What’s the deal with a possible Afghanistan recount?

Juan Cole has a bead on it:

There are two electoral commissions operating in Afghanistan, a wholly local and a partially international one. The local one, the Independent Electoral Commission (IEC) of Afghanistan, announced Tuesday that with 90% of ballots counted, incumbent President Hamid Karzai now has 54% of the votes, enough to allow him to avoid a second-round run-off against his chief rival, Abdullah Abdullah. But the other body, the United Nations-supported Independent Electoral Complaints Commission (ECC) (which has Afghan members but the head of which is a Canadian), clearly was disturbed at the IEC announcement and it ordered the IEC to conduct a recount and to throw out clearly fraudulent ballots.

In essence, the two electoral commissions have locked horns, and if the local body gets its way, Karzai may well be declared the winner hands-down. The UN-backed Electoral Complaints Commission has the authority to order recounts, but it is probably too under-staffed and under-funded to make its objections stick. If the IEC declares for Karzai, he may well keep his job because of inertia (see: next-door Iran). On the other hand, the EEC’s objections really could lead to a massive recount of over 5 million ballots, which might delay a firm result for several months.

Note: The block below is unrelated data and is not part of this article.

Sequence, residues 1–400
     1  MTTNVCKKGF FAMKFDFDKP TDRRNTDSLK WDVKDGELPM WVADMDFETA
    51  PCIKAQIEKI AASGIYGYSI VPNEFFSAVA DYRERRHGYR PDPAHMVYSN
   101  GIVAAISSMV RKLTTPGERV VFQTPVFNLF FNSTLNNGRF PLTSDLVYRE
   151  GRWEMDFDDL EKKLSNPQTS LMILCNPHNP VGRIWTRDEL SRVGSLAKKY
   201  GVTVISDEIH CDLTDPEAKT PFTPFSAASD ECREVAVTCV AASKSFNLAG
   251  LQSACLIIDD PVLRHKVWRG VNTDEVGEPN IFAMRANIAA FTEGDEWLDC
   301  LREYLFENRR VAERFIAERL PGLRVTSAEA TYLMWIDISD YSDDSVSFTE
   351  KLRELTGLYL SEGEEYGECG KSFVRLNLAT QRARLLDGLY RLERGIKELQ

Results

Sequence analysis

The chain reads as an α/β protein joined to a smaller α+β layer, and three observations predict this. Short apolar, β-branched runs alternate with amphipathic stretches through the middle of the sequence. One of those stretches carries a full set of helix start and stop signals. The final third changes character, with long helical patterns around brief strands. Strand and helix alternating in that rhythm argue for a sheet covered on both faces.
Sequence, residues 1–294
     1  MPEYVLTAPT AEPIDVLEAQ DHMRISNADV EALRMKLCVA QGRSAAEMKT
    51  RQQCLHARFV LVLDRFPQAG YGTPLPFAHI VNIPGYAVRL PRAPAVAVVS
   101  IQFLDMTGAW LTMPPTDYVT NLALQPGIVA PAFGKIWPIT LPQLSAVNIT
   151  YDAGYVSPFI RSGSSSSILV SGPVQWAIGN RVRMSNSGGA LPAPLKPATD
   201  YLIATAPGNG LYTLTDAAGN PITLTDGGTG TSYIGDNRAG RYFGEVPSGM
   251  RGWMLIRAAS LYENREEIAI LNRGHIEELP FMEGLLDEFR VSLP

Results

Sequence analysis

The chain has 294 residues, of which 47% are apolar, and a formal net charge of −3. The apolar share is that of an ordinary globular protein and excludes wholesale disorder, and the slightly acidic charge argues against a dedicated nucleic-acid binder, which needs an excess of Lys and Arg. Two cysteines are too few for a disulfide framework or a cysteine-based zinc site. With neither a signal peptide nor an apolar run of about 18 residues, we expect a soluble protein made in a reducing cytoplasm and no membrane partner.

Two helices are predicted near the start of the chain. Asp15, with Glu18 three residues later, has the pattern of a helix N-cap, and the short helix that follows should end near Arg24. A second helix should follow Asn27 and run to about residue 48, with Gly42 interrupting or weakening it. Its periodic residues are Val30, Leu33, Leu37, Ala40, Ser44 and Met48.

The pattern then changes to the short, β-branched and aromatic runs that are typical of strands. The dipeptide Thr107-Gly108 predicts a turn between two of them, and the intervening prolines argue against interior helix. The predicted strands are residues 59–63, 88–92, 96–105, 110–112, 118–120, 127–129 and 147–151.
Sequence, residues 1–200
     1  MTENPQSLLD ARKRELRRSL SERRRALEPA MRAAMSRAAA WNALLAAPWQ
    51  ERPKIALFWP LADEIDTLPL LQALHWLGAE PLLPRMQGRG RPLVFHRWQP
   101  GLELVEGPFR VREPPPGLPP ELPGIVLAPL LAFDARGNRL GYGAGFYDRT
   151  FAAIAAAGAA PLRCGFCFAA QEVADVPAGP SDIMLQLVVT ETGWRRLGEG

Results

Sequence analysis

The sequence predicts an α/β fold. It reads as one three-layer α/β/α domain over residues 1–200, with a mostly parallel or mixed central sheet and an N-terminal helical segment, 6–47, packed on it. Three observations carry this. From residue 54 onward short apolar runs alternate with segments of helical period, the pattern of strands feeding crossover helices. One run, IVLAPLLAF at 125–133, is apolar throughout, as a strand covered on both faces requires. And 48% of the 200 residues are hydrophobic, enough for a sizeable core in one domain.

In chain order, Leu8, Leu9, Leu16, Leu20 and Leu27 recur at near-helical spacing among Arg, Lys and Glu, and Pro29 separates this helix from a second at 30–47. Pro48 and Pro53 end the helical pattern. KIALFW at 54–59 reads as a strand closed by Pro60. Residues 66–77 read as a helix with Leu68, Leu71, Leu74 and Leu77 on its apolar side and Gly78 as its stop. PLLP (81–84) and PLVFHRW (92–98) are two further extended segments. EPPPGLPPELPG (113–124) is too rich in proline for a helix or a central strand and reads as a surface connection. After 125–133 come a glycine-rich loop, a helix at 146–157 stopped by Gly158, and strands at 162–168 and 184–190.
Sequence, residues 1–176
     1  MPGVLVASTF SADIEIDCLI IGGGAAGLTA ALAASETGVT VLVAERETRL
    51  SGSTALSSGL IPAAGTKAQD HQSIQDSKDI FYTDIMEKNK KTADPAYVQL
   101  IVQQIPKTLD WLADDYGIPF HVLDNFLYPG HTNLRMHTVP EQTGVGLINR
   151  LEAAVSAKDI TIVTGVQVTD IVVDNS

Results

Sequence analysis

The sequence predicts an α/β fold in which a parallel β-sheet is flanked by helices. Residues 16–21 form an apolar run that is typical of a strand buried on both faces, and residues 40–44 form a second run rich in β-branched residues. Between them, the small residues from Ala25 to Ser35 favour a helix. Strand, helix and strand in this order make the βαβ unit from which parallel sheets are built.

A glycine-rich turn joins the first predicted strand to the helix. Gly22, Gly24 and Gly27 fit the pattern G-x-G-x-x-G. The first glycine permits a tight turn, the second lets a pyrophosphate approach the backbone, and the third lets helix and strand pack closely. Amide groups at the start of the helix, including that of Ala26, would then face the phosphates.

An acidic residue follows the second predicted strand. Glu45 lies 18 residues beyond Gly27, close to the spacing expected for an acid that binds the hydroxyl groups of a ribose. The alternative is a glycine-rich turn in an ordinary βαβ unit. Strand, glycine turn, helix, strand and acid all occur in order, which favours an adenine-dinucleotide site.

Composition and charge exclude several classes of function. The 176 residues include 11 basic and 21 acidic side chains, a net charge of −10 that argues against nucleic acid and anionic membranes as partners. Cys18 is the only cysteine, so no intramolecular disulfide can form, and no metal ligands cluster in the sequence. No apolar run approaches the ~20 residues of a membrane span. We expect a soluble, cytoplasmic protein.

I doubt the analysis that the EEC is “probably too under-staffed and under-funded to make its objections stick.”  It is very likely under-staffed and under-funded, a weight too many UN offices are forced to suffer under, but people seem to be listening to what they have to say, and I very much doubt that the Karzai government could just sweep those objections under the rug.

What does “UN-supported” mean? According to the EEC website, it was formed under Article 52 of Afghanistan’s Electoral Law and three of the five EEC commissioners are chosen by the UN Secretary General’s Special Representative.  Those three commissioners –Maarten Halff, Scott Worden, and the chairman Grant Kippen — look pretty impressive, at least on paper, having served in election monitoring capacities in Algeria, Bangladesh, Cambodia, Iraq (where Halff “advised on the development of election laws, electoral systems and complaint mechanisms”), Liberia, Nepal, Moldova, Pakistan, Timor Leste and Ukraine.